By Jason La Canfora and Jason Reid
Washington Post Staff Writers
Thursday, November 29, 2007
Buoyed by an inspirational speech from Sean Taylor's father and a visit with some of their teammate's family members and girlfriend, the Washington Redskins returned to work yesterday at Redskins Park.
Pedro Taylor had asked owner Daniel Snyder if he could address the team in the wake of his son's death, and Snyder sent his private plane to Miami to pick up the family members. Taylor urged the 5-6 team to fight as hard as possible to reach the postseason.
"When Mr. Taylor stood up and said, 'Go win this next five and make it to the playoffs,' " team chaplain Brett Fuller said, "you felt a surge in the room that he almost gave his permission to play well."
Jackie Garcia, who was in the house with Sean Taylor and their 18-month-old daughter when he was shot, echoed Pedro Taylor's remarks about the importance of football and family in her boyfriend's life. "She just really spoke about cherishing your family while they are here and not taking a moment with your family for granted," linebacker London Fletcher said.
As Pedro Taylor told Redskins players about his son's love for football, linebacker Khary Campbell said he was immediately struck by the similarities between father and son, both in looks and mannerisms. The father's poise and composure reminded players of their friend as Pedro Taylor stayed focused despite his grief in a room full of strangers. "It was just showing us where Sean got his strength from," defensive lineman Demetric Evans said.
"He was great," Redskins Coach Joe Gibbs said of Pedro Taylor. "I don't think I could have that kind of courage."
The workday always begins with a full team meeting for the Redskins, but yesterday, rather than discuss the Buffalo Bills, Sunday's opponent at FedEx Field, or any football strategy, Gibbs spoke about the challenge at hand. Snyder, who was with Taylor's family at Jackson Memorial Hospital in Miami after the shooting, explained how their teammate fought to live, and gave them details about Taylor's funeral, which will be held at 11 a.m. Monday at Florida International University in Miami.
Fuller, who has counseled players this week, said a prayer for Taylor, his family and the team, and shared his thoughts on Taylor's faith. Tailback Clinton Portis, who has known Taylor for seven years, since their time together at the University of Miami, spoke about his love for his friend. Portis, who became choked up, talked about other teammates who have died, and, as part of the Redskins' contingent at the hospital Monday, explained the bond between team officials and Taylor's family.
"Clinton talked about Sean and Sean's family and how Mr. Snyder and the family were all kind of together down there going through everything together as they experienced it firsthand," linebacker Marcus Washington said. "It kind of gave us a little peace of mind just to hear that everyone was together."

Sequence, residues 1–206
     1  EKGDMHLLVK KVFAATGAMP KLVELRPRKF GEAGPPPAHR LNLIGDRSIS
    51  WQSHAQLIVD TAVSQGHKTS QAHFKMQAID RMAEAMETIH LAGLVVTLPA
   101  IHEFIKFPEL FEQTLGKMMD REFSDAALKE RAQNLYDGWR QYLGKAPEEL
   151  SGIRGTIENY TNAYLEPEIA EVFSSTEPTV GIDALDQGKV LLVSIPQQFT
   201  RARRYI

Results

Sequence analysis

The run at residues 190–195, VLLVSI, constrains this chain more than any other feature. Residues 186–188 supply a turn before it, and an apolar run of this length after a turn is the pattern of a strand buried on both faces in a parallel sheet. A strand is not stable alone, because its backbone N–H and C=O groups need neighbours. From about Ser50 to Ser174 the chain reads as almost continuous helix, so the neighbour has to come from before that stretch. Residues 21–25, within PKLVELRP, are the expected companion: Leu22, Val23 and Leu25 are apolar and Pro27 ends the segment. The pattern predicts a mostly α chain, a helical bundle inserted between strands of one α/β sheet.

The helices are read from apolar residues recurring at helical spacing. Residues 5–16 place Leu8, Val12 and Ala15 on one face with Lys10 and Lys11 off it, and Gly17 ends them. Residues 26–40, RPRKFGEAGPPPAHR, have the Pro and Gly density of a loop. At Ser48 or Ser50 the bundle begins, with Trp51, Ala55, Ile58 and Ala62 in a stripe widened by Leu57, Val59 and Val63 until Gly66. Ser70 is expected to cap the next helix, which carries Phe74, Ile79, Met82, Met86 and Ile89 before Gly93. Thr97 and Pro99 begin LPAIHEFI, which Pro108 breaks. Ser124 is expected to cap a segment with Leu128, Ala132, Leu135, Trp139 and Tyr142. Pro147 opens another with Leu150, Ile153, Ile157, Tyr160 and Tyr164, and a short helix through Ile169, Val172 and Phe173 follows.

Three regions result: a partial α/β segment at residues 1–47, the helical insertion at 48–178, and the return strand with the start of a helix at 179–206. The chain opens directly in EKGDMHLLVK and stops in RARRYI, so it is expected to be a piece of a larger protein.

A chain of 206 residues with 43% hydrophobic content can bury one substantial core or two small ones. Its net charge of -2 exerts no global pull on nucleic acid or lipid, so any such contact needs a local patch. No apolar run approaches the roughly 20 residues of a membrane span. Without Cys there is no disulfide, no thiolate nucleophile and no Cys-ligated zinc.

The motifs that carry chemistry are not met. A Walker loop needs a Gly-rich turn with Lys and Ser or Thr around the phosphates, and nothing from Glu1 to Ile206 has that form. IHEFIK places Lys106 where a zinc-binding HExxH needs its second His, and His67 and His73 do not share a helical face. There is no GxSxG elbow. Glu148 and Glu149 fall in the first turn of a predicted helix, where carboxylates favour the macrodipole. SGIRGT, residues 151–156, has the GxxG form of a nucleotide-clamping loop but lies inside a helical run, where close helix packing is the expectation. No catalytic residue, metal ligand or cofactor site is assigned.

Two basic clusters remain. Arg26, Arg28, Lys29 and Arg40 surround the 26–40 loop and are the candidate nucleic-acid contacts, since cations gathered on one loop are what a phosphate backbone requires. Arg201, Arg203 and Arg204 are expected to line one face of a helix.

Gibbs broke the meeting about 9 a.m., and he and Snyder met with Taylor's family in Gibbs's office while the players milled about. At about 9:15 they were back in the auditorium, and for the next 10 minutes Pedro Taylor commanded the room. Taylor, the chief of police of Florida City, Fla., explained how deeply his son cared for his teammates, going back to the day the father and son were first in the auditorium after Taylor was drafted fifth overall in the 2004 draft.
At one point, Gibbs halted the meeting for 20 minutes, giving players the chance to greet the family.
"I definitely did have a moment with [Pedro Taylor] and I gave him a hug," safety Pierson Prioleau said. "We wanted to let him know that we all love Sean and we're here with him and we're all going to be together through this."
The afternoon schedule was cut short, as Gibbs condensed the meetings.
"Nothing was normal about today," said Fletcher, one of the team leaders. "Nothing was really normal. We had the meetings, but it wasn't the normal type of meeting, so to speak. Practice wasn't the same feeling. We tried to make it feel the same as best possible but . . . I know I found myself thinking about Sean, and imagining him out on the football field playing free safety for us."
Gibbs took the team onto the field for walk-throughs and practice, getting them back into their usual routine. "You get a chance to do something you're supposed to be doing again -- playing football, and coaching it, too," Gibbs said. "So I think practice was the best of what happened today as far as getting our minds off things."
After practice a media throng awaited the players, who then showered and headed home around 5 p.m., their first sad day back at work behind them.
"It's definitely hard when you've had the morning we had, and the week that we've had," Evans said, "Losing Sean, it's always going to be a hard thing, and it's something you have to take one day at a time. But he'll never be forgotten, and he'll always be missed."